Advertisement
Art

7 Must-See Shows in New York Right Now

Installation view of Tyler Mitchell, “I Can Make You Feel Good,” at the International Center for Photography, 2020. Courtesy of the International Center of Photography.

Installation view of Tyler Mitchell, “I Can Make You Feel Good,” at the International Center for Photography, 2020. Courtesy of the International Center of Photography.

Here, Artsy’s editors share their favorite exhibitions that recently opened in New York.

Hannah Levy

Casey Kaplan, 121 West 27th Street

Jan. 23–Feb. 29, 2020

Hannah Levy
View Slideshow
6 Images
Hannah Levy
Given her first solo show at a major Manhattan gallery, 28-year-old artist knocked it out of the park. Her work has long juxtaposed thin, sleek steel forms—often shaped like claws and legs—with pliable, fleshy silicone that she molds to resemble asparagus spears, rubbery dresses, patio furniture, or baby swings. The sculptures’ strange, discomfiting, and often humorous auras simultaneously attract and repel.
At Casey Kaplan, Levy’s practice adopts a new, medieval edge. In the main gallery, she’s hung three steel sculptures on thick linked chains. She’s adorned these tentacled chandeliers with three wildly different flavors of silicone: Across the works, the soft material alternately resembles an inflatable raft with pink nipple air valves, a bumpy cream-colored dress, and tumescent gourds. In the side gallery, smaller steel arms protrude from the wall like sconces, overlaid with her signature silicone asparagus spears. Altogether, the works suggest a wry mingling of quaint antique architecture with the indignities of corporeal experience. The show, as a whole, evokes a fairy tale gone wrong.
—Alina Cohen

“Making Marvels”

The Metropolitan Museum of Art, 1000 Fifth Avenue

Nov. 25, 2019–Mar. 1, 2020

“Making Marvels”
View Slideshow
5 Images
“Making Marvels”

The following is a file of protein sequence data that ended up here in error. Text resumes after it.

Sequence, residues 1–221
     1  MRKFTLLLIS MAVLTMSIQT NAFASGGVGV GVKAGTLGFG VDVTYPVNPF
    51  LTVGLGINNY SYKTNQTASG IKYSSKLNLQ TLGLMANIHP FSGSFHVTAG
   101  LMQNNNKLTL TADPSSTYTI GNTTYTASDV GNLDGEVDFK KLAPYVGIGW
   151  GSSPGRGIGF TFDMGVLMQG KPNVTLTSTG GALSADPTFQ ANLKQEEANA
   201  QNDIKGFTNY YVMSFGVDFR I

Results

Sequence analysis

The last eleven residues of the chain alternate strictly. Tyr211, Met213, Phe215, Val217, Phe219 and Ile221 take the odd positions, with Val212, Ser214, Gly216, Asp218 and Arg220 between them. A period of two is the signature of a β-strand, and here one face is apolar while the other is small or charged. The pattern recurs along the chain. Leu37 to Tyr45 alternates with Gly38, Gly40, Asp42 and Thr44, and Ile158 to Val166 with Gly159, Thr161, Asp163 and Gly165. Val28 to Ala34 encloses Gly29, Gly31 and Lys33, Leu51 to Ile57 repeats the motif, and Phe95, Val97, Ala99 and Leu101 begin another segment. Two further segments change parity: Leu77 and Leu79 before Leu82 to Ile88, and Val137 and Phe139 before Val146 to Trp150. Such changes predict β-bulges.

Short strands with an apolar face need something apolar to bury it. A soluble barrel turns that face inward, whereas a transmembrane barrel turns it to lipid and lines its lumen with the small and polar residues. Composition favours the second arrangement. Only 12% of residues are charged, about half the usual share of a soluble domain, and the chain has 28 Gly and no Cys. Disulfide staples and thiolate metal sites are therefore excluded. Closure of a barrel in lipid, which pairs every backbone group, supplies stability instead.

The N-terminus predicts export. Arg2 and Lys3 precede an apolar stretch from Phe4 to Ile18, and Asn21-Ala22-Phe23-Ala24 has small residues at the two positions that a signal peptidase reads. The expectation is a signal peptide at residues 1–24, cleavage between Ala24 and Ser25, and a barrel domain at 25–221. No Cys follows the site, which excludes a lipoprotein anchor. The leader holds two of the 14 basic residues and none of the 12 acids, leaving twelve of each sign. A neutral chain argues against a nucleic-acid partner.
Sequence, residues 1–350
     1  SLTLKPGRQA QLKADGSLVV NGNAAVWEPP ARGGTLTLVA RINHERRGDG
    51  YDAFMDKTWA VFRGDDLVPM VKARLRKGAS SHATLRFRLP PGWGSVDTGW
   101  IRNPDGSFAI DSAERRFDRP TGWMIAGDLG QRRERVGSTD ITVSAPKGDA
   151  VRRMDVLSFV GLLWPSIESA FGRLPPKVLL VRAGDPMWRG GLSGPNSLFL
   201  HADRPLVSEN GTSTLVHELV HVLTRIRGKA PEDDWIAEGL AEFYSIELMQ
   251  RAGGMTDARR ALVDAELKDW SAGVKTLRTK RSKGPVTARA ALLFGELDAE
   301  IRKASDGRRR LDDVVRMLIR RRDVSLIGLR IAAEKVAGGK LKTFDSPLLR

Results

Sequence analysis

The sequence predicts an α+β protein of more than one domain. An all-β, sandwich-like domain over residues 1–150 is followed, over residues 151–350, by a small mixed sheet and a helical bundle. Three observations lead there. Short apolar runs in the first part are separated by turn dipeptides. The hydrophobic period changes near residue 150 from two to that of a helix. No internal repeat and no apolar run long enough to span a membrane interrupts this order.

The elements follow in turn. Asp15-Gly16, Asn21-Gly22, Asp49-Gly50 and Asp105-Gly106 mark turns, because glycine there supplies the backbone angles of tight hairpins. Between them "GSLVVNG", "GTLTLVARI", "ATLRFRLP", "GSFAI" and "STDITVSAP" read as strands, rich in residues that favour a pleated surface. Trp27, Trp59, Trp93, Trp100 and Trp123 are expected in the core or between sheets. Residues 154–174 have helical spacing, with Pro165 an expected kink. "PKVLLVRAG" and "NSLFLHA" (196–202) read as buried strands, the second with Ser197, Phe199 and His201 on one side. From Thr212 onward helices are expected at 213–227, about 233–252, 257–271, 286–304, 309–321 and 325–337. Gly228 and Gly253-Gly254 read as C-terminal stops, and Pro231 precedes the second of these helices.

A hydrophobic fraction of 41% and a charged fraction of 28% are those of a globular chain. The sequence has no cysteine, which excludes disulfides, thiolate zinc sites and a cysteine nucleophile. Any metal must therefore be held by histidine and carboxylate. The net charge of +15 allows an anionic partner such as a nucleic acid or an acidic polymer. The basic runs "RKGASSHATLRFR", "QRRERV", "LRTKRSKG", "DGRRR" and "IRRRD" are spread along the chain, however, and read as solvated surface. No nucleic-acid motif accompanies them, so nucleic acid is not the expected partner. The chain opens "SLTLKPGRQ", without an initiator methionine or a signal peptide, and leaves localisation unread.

This charming exhibition throws visitors into a gilded time warp. The presentation transports you to Europe between the 16th and 18th centuries, where jewelry was big, massive silver basins were in vogue, and science and ornate design were in concert. The objects on view seem to argue that if you’re going to make clocks, levels, and odometers, you might as well make them as spectacular as possible. Intricately adorned automatons (moving mechanical devices)—shaped like a musician, a june bug, and the goddess Diana on her chariot—are particularly alluring relics, which evoke a sense of magic and supreme wealth.
The show also includes a reproduction of The Chess Player (The Turk) (original ca. 1769; reproduction 1975–2005), a sculpture with a fascinating backstory. The life-sized, so-called “Automaton Chess Player” or “Turk” was billed as a mechanized chess player capable of beating most of its flesh-and-blood opponents. A chess master was, in fact, hiding inside the machine. The exhibition text focuses on the awe the work inspired among its audience, which included the author Edgar Allan Poe. This centuries-old object has a particularly contemporary relevance: Amazon’s Mechanical Turk program crowdsources human workers to complete tasks that businesses are unable to automate themselves.